Image for larger view
P-51 Mustang "Bad Angel" in Hanger #4 at
Air and Space Museum.
(Continued) I was admiring its aerodynamic
lines and recalled enough history to know that until the Mustangs
came into service, the skies over the Pacific Ocean were dominated
by Japanese Zeros. Not true
the Grumman Hellcat
shot down more Zeros than any other aircraft including the
Corsair or P-38. Combined, they held their own against the
Zeros. Certainly the P-51 was a welcomed addition.
Then something very strange caught my eye. Proudly displayed
on the fuselage of 'Bad Angel' were the markings of the pilot's
kills: seven Nazis; one Italian; one Japanese AND ONE AMERICAN.
Huh? "Bad Angel" shot down an American airplane?
and two more Messerschmitts before his
luck ran out. A German fighter shot down his plane on August 27, 1943
over Salerno, Italy. Captured by the Italians, he was sent to a POW
camp near Rome. No doubt this is where he thought he would spend the
remaining years of the war. It wasn't to be. A few days later, the
Italians surrendered. Louis and a few other pilots escaped before
the Nazis could take control of the camp
Click Image for larger view
Was it a terrible mistake?
Couldn't be. If it had been an unfortunate misjudgment,
certainly the pilot would not have displayed the American
flag. I knew there had to be a good story here. Fortunately
for us, one of the Museum's many fine docents was on hand
to tell it.
In 1942, the United States needed pilots for its war planes
lots of war planes; lots of pilots. Lt. Louis Curdes was
one. When he was 22 years old, he graduated flight training
school and was shipped off to the Mediterranean to fight
Nazis in the air over Southern Europe.
He arrived at his 82nd Fighter Group, 95th Fighter Squadron
in April 1943 and was assigned a P-38 Lightning. Ten days
later he shot down three German Messerschmitt Bf-109 fighters.
A few weeks
later, he downed two more German Bf -109's. In less than
a month of combat, Louis was an Ace.
During the next
three months, Louis shot down an Italian Mc.202 fighter
One might think that such harrowing
experiences would have taken the fight out of Louis, yet he volunteered
for another combat tour. This time, Uncle Sam sent him to the Philippines
where he flew P-51 Mustangs. Soon after arriving in the Pacific
Theater, Louis downed a Mitsubishi reconnaissance plane near Formosa.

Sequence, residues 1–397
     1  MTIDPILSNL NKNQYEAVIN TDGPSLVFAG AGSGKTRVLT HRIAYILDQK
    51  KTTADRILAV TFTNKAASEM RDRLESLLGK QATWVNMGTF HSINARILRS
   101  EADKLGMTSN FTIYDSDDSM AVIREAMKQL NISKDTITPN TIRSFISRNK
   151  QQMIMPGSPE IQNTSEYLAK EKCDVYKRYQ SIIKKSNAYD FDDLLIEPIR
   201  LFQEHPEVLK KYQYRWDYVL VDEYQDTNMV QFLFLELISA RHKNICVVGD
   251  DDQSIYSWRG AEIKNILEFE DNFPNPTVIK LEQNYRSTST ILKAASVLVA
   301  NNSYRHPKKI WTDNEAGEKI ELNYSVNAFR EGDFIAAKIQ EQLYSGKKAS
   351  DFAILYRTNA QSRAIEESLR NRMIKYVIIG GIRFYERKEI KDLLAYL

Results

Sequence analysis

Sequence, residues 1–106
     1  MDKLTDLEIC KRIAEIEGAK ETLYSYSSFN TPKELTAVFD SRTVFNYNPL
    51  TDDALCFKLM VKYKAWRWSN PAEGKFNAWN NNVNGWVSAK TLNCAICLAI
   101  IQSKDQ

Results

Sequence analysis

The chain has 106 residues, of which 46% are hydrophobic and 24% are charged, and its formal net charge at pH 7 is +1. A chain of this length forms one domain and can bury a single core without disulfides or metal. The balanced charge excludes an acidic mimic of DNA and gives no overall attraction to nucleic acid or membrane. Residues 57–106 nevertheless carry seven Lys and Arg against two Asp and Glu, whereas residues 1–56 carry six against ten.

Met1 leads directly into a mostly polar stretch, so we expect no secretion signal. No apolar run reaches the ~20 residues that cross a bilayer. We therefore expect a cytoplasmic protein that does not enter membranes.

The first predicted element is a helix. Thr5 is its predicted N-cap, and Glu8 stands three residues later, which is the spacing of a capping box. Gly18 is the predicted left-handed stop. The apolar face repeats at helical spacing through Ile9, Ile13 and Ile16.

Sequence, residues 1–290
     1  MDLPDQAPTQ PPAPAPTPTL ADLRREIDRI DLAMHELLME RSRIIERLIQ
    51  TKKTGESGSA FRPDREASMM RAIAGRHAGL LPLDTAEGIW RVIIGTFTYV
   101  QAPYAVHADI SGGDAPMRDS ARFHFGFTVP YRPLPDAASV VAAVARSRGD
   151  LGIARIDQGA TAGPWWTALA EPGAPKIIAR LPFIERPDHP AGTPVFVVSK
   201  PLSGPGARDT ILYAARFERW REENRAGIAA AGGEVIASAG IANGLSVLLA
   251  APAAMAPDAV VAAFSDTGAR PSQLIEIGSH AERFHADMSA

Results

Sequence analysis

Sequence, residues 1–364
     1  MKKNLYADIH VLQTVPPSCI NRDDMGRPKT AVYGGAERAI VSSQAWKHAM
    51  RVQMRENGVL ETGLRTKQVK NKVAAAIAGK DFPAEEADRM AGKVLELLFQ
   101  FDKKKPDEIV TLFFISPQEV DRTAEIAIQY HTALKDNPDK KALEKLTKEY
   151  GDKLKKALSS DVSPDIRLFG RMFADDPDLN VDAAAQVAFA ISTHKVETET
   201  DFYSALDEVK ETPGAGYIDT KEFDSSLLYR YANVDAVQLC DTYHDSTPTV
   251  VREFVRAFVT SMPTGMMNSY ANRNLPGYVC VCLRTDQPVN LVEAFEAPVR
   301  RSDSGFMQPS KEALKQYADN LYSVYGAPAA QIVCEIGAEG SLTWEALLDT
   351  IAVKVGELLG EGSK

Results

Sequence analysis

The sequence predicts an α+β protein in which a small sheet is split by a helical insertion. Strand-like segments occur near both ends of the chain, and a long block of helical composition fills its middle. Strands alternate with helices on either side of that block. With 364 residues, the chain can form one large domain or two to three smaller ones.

Now he was one of only three Americans to have kills against all
three Axis Powers: Germany, Italy, and Japan.
until this point, young Lt. Curdes combat career had been stellar.
His story was about to take a twist so bizarre that it seems
like the fictional creation of a Hollywood screenwriter.
While attacking the Japanese-held island of Bataan, one of Louis
wingmen was shot down. The pilot ditched in the ocean. Circling
overhead, Louis could see that his wingman had survived, so
he stayed in the area to guide a rescue plane and protect the
It wasn't long before he noticed another, larger airplane, wheels
down, preparing to land at the Japanese-held airfield on Bataan.
He moved in to investigate. Much to his
surprise the approaching plane was a Douglas C-47 transport
with American markings.
Image for larger view
Pilot Lt. Louis Curdes in his P-51
Mustang "Bad Angel"
machine guns and knocked out one of
its two engines. Still the
C-47 continued on toward the Bataan airfield. Curdes shifted his aim
slightly and knocked out the remaining engine, leaving the baffled
pilot no choice but to ditch in the ocean.
He tried to make radio contact,
but without success. He maneuvered his Mustang in front of
the big transport several times trying to wave it off. The
C-47 kept head to its landing target. Apparently the C-47
crew didn't realize they were about to land on a Japanese
held island, and soon would be captives.
Lt. Curdes read the daily newspaper accounts of the war, including
the viciousness of the Japanese soldiers toward their captives.
He knew that whoever was in that American C-47 would be, upon
landing, either dead or wish they were. But what could he
Audaciously, he lined up his P-51 directly behind the transport,
carefully sighted one of his .50 caliber
|The big plane
came down to it wings in one piece about 50 yards from his bobbing
wingman. At this point, nightfall and low fuel forced Louis
to return to base. The next morning, Louis flew cover for a
rescuing PBY that picked up the downed Mustang pilot and 12
passengers and crew, including two female nurses, from the C-47.
All survived, and later, Lt. Curdes would end up marrying one
of these nurses.
For shooting down an unarmed American transport plane, Lt. Louis
Curdes was awarded the Distinguished Flying Cross. Thereafter,
on the fuselage of his P-51 "Bad Angel", he proudly
displayed the symbols of his kills: seven German, one Italian,
one Japanese and one American flag.*
A/C was shot down! A P-64 King Cobra was shot down in the USA! See
Sgt Joe Tillery's The Flying Pinball Machine. Click
Note: According to TruthorFiction.com
"Summary of eRumor:
Force Lt. Col. Louis E. Curdes, the pilot of a P-51 Mustang dubbed
Bad Angel, was awarded the Distinguished Flying Cross
for shooting down an American C-47 that his girlfriend happened
to be aboard.
Truth: "Its true that Lt. Col. Louis E. Curdes shot down
a C-47 that his girlfriend was aboard to prevent it from landing
on a Japanese airstrip.
while its true that Curdes was awarded the Distinguished Flying
Cross for the valor he demonstrated in flying a P-51 Mustang with
the 95th Fighter Squadron, 82nd Fighter Group, it doesnt appear
that he received the recognition for shooting down an American C-47
in the Pacific (more on that later)."
This does not seem to
detract from the story at all.